MADISON, Wis. (Legal Newsline) -- Wisconsin Gov. Scott Walker has signed into law a piece of legislation aimed at bringing transparency to the state's hiring of private sector attorneys on a contingency fee basis.
On Friday, Walker signed 25 different bills into law, including the Transparency in Private Attorney Contracting Act, or Assembly Bill 27.
The measure, passed with bipartisan support, will be known as Wisconsin Act 105.
The law provides that the state may not enter into a contingency fee contract with any attorney or law firm unless the contracting agency first makes a written determination that such an arrangement is both cost-effective and in the public interest.
It also limits contingency fees relative to the size of the state's recovery in a lawsuit to help assure that litigation brought on behalf of the state serves the public interest, not simply the interests of politicians and their patrons among the plaintiffs' bar.
The law also requires the posting of any contract and any payment of contingency fees online for public scrutiny, among other things.
Lisa Rickard, president of the U.S. Chamber of Commerce's Institute for Legal Reform, applauded Walker for signing the bill.
"Gov. Walker helped Wisconsin take a significant step today to rein in the troublesome practice of awarding contingency fee contracts to outside plaintiffs' lawyers," she said in a statement Friday. "Such schemes enrich lawyers at the expense of taxpayers and raise concerns about 'pay-to-play,' conflicts of interest, the use of a public entity for personal gain, and fairness in prosecutions."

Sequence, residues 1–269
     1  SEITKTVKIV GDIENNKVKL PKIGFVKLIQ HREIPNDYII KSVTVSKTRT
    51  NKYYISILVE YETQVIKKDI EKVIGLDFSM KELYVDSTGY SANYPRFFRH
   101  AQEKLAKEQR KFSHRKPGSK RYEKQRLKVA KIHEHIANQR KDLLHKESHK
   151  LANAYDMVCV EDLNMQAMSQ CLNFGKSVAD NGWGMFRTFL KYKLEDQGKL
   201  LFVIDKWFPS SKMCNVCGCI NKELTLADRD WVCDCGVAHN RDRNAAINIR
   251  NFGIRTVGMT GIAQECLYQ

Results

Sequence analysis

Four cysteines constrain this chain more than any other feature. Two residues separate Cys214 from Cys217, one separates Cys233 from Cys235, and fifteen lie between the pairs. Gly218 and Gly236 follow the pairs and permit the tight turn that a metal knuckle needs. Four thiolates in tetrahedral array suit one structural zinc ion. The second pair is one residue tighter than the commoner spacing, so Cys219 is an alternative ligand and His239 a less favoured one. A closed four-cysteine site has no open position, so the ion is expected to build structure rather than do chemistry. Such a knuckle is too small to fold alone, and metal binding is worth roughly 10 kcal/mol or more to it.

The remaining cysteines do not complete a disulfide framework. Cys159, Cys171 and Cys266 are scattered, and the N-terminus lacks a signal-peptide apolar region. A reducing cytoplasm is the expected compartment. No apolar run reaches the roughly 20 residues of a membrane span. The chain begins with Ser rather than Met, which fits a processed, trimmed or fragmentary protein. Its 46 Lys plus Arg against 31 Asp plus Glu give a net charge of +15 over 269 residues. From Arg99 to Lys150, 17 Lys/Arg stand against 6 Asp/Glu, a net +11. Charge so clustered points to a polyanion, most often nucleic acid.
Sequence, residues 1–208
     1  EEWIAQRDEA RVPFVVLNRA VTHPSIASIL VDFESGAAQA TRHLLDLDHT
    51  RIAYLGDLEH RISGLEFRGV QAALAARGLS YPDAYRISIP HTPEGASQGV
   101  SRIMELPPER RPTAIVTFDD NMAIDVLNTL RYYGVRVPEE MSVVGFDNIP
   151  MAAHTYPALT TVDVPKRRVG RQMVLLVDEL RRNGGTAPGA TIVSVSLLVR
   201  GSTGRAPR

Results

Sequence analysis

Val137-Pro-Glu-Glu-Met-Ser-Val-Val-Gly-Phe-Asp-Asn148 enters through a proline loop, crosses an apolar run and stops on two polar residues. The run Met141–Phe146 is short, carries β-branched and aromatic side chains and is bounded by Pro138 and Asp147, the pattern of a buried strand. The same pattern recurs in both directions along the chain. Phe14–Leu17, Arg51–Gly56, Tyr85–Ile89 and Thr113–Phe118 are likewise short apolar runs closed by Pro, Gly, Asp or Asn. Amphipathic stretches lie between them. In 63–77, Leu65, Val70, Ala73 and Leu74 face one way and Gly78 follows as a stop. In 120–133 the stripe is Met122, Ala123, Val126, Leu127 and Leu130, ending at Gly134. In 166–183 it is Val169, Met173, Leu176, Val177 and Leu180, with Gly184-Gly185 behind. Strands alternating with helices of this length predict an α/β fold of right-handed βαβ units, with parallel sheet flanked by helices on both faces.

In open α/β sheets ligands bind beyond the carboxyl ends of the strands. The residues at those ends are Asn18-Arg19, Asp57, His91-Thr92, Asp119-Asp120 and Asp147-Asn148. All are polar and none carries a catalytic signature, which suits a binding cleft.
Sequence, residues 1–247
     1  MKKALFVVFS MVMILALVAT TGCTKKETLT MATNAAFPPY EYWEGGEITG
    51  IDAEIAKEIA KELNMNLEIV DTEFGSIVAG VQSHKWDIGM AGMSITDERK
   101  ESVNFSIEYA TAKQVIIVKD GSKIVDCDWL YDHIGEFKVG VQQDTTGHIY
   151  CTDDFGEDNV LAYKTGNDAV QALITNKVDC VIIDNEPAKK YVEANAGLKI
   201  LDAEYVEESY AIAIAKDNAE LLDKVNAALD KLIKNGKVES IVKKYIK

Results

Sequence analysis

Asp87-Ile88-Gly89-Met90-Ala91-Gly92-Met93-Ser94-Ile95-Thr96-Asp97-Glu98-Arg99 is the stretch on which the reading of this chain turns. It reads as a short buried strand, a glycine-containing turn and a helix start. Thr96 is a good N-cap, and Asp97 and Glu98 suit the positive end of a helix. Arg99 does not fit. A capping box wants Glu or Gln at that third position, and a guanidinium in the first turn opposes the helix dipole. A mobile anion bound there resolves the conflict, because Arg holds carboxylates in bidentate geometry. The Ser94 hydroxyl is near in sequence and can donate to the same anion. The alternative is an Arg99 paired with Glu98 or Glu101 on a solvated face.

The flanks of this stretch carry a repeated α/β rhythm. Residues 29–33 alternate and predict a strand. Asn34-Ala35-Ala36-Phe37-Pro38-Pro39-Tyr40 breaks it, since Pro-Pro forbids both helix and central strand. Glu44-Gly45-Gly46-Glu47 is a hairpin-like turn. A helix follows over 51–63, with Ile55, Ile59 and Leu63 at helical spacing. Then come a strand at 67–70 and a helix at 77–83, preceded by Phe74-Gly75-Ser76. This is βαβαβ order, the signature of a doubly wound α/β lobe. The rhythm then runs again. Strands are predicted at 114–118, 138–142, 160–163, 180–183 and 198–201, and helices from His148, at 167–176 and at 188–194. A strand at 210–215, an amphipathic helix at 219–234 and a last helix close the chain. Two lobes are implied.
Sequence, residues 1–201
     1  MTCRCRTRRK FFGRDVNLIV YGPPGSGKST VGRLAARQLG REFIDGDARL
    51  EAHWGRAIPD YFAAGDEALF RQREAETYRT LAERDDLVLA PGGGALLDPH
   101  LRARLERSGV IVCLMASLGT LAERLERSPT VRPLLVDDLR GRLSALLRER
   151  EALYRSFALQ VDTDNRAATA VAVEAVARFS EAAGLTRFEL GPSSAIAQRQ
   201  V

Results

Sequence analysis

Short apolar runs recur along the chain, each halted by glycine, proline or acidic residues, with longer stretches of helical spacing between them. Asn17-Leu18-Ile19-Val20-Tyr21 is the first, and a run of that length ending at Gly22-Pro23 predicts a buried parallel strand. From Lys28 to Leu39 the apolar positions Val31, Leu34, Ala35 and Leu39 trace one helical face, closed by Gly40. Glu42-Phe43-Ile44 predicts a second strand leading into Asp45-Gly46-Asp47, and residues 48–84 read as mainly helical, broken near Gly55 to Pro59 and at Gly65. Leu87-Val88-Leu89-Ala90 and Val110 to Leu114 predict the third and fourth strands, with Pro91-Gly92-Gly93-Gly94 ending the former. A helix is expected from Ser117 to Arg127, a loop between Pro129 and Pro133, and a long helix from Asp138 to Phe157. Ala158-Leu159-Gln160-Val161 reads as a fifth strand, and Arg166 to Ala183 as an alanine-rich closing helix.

Wisconsin joins a growing number of states -- including Alabama, Arizona, Florida, Indiana, Iowa, Mississippi and West Virginia -- that have taken action to limit outside contingency fee counsel arrangements by attorneys general.
"Wisconsin's law is the nation's strongest outside counsel sunshine measure to date," Rickard said. "In particular, it includes a prohibition on the use of civil penalties or fines to calculate contingency fee awards and a strong cap on the total amount of money that outside lawyers can collect.
"Other states should follow Wisconsin's lead and adopt equally strong laws."
Rickard commended state Sen. Glenn Grothman and state Rep. Mike Kuglitsch, both Republicans and authors of the legislation. She also thanked the Wisconsin Civil Justice Council, the Wisconsin Manufacturers and Commerce and state Attorney General J.B. Van Hollen for his "thoughtful input throughout the process of developing this law."
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